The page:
Wednesday, June 13, 2018

Building the evil cube template

The techniques for building the Evil Cube template are very similar to my other cameras that are covered in the 10th Anniversary Populist post.  If you were thinking of making one, it would probably be a good idea to look that over if you're not familiar with how I make cameras.

 Link to Evil Cube Template description Link to templatesLink to 10th Anniversary Populist post

The Evil Cube template is set up on four sheets of letter size paper, and it will fit on A4. The largest part is almost 11 inches so it still takes a fairly large cereal box to make, and you'll probably need two of those. Of course the first step is to glue the template to your card stock, and when it's dry cut out the parts and all the holes. The grey areas are the glued surfaces. Remember if you're using a box with a glossy surface, sand or otherwise roughen it if it's the side that's getting glued.

The image chamber is the most complicated part to fold and glue.  It might be a little longer than your printer area, but they're pointy corners so it should be pretty easy to recreate. Remember to print at 100% and not "fit to print." It should fit pretty comfortably on A4 paper. There are three steps that need to be done in order.

The first is to glue the double layer that makes up the sides of the image chamber. Make sure to tightly crease the fold and in order to clamp it, you may have to fold the remaining end of the flap over your clamps to get the edge well clamped.  As always, it's best to get the entire surface adhered.

Next, fold it into the shape of the image chamber.  One of the trapezoidal sides is only partially grey. That's where the tripod mount will be glued and that one goes on the inside, the entire grey end is the outside.

The last part, which makes the camera front stiffer and restricts the movement of the film reel, is folded and glued.  The front of this structure should be a flat surface - you might have to adjust it a little.  The best way I found to clamp it was with a rubber band around it vertically.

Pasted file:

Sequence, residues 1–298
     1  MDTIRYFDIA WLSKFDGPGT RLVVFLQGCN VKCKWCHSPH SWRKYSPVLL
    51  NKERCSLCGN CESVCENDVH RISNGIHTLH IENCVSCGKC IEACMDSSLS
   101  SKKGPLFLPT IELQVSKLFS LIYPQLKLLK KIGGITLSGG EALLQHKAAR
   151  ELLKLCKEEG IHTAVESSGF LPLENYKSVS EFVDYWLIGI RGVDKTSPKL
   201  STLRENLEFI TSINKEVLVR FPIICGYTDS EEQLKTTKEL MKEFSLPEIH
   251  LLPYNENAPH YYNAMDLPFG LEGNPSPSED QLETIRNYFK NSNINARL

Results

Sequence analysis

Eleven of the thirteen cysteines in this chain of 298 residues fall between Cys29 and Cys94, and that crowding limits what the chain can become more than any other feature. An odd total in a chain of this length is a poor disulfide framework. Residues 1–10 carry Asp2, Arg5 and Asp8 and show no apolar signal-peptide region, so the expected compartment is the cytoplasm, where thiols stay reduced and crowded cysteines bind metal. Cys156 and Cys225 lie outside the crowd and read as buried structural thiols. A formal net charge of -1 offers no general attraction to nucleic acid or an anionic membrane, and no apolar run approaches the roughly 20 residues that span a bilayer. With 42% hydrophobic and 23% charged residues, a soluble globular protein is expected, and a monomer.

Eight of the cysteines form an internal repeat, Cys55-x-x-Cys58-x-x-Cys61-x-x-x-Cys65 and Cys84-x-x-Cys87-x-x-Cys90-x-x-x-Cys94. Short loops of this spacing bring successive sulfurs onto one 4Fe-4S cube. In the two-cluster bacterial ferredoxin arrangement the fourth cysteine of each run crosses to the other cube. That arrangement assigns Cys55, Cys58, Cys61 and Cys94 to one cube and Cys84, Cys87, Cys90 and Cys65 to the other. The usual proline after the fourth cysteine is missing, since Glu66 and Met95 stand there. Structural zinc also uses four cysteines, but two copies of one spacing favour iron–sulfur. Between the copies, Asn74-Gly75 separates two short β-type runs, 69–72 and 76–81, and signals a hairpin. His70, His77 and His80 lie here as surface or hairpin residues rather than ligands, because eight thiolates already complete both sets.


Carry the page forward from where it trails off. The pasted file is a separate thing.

The image chamber is then glued to the film holder to create the internal assembly. I forgot to take a picture with it clamped like that but the template is pretty well marked where everything goes.

The stop which holds the bottom of the film reel in place is made from a double layered piece of your cardboard.  Note also that the flap at the left isn't glued.  You need to open it to get the film reel in and out.  It just folds closed and is held there when the assembly is placed in the camera.

To make sure you've got a tight fit, fold the camera back around the internal assembly with the flaps on the inside. In order to prevent them from getting glued together, I always wrap some wax paper around the internal part first.

Then, this time with the flaps on the outside, again separating them with wax paper, fold and glue the front over the back (leave the internal assembly in there so you don't crush the back when you clamp it.)

The winders are my standard 3/8 inch dowels with the end sculpted to fit into the slot of a 120 reel. They're exactly the same as with the 10th Anniversary Populist  so I won't repeat it here.  With my camera I also glued some cork bottle stoppers to make it a little easier to wind, but that's not really necessary.  The tripod mount is also the same other than the shape to fit the image chamber.

Of course, if you're not absolutely sure your card and template is opaque, now is the the time for a few coats of matte black paint. Also remember to cover that edge of the image chamber the film rides over with tape or cloth.

This camera is set up to have a rising front pinhole. The pinholes are taped right onto the front of the internal assembly.  The optimal diffraction is just under .3mm by the way. Careful not to cover one with the other. You can, of course, install just one pinhole, but I'd either not cut the second hole in the first place, or cover the hole with tape.

The shutter is exactly the same as with the 10th Anniversary Populist, except it's stretched to cover both pinholes, and the moving shutter itself is cut in half.  I liberally cover the surface between the two halves with pencil lead graphite so when you pull the handle for one, friction doesn't pull them both open. It's symmetrical around the horizontal axis so you could mount it for use by whichever hand you prefer. There's no reason why you couldn't make a second pinhole and use this on any of my other 120 cameras.

Because it's important to make sure the film reels get pushed down where that stop will hold them in place, it's helpful to place the camera on it's front when you load the film, place the back over it, and insert the winders.

Film advance requires loosening the supply and then tightening the take-up.  Remember to tighten both winders so the film is flat before making an exposure if you want to avoid some unpredictable pinhole fun.

I used beaded pins for viewfinders, I've included some center pinhole finders on the template, but I can't quite think how to make a flat finder for both pinholes except by drawing lines.

Now go out and show everyone how cool you are with your classy cubical medium format camera.

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